Amazon rainforest monitoring

This micro-site aggregates data on deforestation in the Amazon from several sources. The most timely data comes from Brazil: specifically Brazil’s National Institute for Space Research (INPE) and Imazon, a Brazilian NGO.

Narrative context on these issues can be found at Mongabay’s Amazon rainforest section as well as Mongabay’s regular news reporting on the Amazon in English, Brazilian Portuguese, and Spanish. Recent headlines from these sites can be found at the bottom of this page.


This site is organized into sections:

Annual data

Annual deforestation in the legal Amazon since 1988, according to INPE's PRODES system. Note: 2023 data is preliminary.
Annual deforestation in the legal Amazon since 1988, according to INPE’s PRODES system. Note: 2023 data is preliminary.

Recent news on monitoring deforestation in the Amazon rainforest


  • A web of front people conceals environmental offenders in the Amazon
    on April 22, 2024 at 3:00 pm

    - A paper trail left by a notorious land grabber reveals how he used relatives and an employee as fronts to evade environmental fines and lawsuits, shedding light on this widespread practice in the Brazilian Amazon.- Fronts prevent the real criminals from having their assets seized to pay for environmental fines, besides consuming time and resources from the authorities, who spend years trying to prove who the real financier of the deforestation is.- Experts say it’s best to go after environmental offenders where it hurts the most, by seizing their assets, rather than to chase down their true identity.- This investigation is part of a partnership between Mongabay and Repórter Brasil.

  • Brazil boosts protection of Amazon mangroves with new reserves in Pará state
    on April 19, 2024 at 7:00 am

    - The state of Pará has created two new conservation areas along the Amazonian coastline, placing almost all of its mangroves under federal protection.- The two reserves mean that an additional 74,700 hectares (184,600 acres) have been included in the largest and most conserved continuous belt of mangroves on the planet.- The process to create the reserves took more than 13 years and faced several setbacks; the final outcome has been celebrated by environmentalists as a victory for local communities and biodiversity.- The new extractive reserves allow resident populations to engage in traditional and sustainable extractive practices such as fishing and hunting, while keeping out big businesses, such as commercial aquaculture or logging.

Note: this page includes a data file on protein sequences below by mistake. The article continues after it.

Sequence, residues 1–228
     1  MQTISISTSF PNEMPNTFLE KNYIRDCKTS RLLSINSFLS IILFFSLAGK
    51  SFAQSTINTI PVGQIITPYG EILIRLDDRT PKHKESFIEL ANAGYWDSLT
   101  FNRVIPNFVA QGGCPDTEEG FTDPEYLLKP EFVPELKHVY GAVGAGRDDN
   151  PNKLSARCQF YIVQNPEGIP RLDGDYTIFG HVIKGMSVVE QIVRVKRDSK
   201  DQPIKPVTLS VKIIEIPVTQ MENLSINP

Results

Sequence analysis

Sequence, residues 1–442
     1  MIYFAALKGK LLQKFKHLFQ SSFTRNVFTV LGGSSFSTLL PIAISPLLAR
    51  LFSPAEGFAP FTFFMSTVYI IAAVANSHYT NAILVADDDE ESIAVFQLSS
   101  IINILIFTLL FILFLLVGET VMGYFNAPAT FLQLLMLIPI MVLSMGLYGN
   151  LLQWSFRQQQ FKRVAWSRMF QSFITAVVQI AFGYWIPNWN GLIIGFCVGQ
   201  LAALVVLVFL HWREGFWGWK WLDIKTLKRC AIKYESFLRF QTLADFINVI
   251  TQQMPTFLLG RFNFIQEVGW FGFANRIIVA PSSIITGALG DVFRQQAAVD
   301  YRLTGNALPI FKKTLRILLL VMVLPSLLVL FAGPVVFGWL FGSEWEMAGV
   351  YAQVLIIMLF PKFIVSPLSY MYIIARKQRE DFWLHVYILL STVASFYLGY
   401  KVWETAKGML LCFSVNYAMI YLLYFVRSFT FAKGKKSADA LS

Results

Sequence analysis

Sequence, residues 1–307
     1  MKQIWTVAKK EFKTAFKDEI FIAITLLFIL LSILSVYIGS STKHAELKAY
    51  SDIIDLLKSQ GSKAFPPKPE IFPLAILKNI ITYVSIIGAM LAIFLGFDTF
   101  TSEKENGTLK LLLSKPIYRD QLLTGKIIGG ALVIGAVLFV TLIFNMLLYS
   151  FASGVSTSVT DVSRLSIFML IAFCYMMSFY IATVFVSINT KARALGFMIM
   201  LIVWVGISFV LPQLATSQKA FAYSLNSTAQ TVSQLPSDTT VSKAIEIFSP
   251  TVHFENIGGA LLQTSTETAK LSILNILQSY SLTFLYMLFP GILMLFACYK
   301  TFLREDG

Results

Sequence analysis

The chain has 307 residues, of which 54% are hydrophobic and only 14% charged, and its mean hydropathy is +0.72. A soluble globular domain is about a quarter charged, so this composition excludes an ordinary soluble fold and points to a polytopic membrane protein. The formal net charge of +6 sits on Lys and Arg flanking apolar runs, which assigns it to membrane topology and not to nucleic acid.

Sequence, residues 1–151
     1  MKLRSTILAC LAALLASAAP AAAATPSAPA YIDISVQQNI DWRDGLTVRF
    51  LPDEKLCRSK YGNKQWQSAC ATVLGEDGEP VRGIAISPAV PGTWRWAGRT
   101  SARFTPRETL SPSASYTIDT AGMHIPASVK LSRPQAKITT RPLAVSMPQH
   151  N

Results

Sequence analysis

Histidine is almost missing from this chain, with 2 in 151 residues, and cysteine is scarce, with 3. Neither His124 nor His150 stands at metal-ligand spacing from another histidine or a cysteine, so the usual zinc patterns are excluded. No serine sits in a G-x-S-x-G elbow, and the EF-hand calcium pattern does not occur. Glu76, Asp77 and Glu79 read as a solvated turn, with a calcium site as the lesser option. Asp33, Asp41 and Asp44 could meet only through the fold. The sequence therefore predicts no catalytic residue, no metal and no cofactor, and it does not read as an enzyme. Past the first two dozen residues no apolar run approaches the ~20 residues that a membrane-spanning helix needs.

• Deforestation alerts in the Brazilian Amazon fall to a 5-year low
    on April 18, 2024 at 10:36 pm

    - Forest clearing detected by Brazil’s deforestation alert system fell to the lowest level in nearly five years.- According to data released last week by the country’s space agency, INPE, deforestation registered over the past twelve months amounts to 4,816 square kilometers, 53% below the level this time last year.- The drop in deforestation has occurred despite a severe drought affecting much of the Amazon basin.

  • Cross-border Indigenous efforts in Peru & Brazil aim to protect isolated groups
    on April 18, 2024 at 5:21 pm

    - Indigenous organizations in Peru and Brazil are joining forces to push their respective governments to safeguard the Yavarí-Tapiche Territorial Corridor, which covers 16 million hectares (39.5 million acres) across both countries.- The cross-border initiative aims to protect the ancestral territories of Indigenous peoples in isolation and initial contact who travel freely across both borders and are threatened by those who engage in illegal activity in or near their territories.- The Indigenous organizations plan to create a commission, made up of groups from both sides of the border, to exchange knowledge and define cross-border Indigenous policies for the protection of isolated peoples, such as measures to prevent territorial invasions and collaborate on health matters.

  • Brazil’s illegal gold trade takes a hammering, but persists underground
    on April 16, 2024 at 2:29 pm

    - Measures throughout 2023 to curb the illegal gold trade in Brazil led to a 20% drop in the country’s exports of the precious metal.- In Itaituba, the hub of the Amazon illegal gold trade, taxes from gold sales fell by more than 90% in just the first quarter of this year.- Experts attribute this drop to police raids on illegal mining operations and on requirements for sellers to issue electronic invoices.- But they warn the illegal gold still persists, shifting to unofficial channels to evade the eye of regulators.



Brazilian Portuguese